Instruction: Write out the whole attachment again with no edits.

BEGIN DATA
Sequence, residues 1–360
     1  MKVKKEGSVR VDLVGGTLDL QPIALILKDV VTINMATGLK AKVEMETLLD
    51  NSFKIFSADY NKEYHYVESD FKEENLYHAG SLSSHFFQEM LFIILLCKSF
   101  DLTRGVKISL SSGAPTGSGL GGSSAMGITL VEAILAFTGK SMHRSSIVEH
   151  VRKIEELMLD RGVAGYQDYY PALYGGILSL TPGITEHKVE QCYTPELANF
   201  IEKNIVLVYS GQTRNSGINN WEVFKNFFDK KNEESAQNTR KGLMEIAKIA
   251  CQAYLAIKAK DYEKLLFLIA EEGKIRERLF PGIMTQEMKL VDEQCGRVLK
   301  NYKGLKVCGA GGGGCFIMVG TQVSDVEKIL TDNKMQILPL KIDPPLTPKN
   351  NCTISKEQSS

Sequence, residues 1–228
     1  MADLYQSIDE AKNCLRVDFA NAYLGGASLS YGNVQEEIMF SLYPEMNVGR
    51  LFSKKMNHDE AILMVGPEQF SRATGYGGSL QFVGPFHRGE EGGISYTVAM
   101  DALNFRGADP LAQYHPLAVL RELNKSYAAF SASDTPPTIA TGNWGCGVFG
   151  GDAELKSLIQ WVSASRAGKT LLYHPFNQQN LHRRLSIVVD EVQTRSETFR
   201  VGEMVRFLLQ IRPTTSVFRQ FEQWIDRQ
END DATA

Sequence, residues 1–360
     1  MKVKKEGSVR VDLVGGTLDL QPIALILKDV VTINMATGLK AKVEMETLLD
    51  NSFKIFSADY NKEYHYVESD FKEENLYHAG SLSSHFFQEM LFIILLCKSF
   101  DLTRGVKISL SSGAPTGSGL GGSSAMGITL VEAILAFTGK SMHRSSIVEH
   151  VRKIEELMLD RGVAGYQDYY PALYGGILSL TPGITEHKVE QCYTPELANF
   201  IEKNIVLVYS GQTRNSGINN WEVFKNFFDK KNEESAQNTR KGLMEIAKIA
   251  CQAYLAIKAK DYEKLLFLIA EEGKIRERLF PGIMTQEMKL VDEQCGRVLK
   301  NYKGLKVCGA GGGGCFIMVG TQVSDVEKIL TDNKMQILPL KIDPPLTPKN
   351  NCTISKEQSS

Sequence, residues 1–228
     1  MADLYQSIDE AKNCLRVDFA NAYLGGASLS YGNVQEEIMF SLYPEMNVGR
    51  LFSKKMNHDE AILMVGPEQF SRATGYGGSL QFVGPFHRGE EGGISYTVAM
   101  DALNFRGADP LAQYHPLAVL RELNKSYAAF SASDTPPTIA TGNWGCGVFG
   151  GDAELKSLIQ WVSASRAGKT LLYHPFNQQN LHRRLSIVVD EVQTRSETFR
   201  VGEMVRFLLQ IRPTTSVFRQ FEQWIDRQ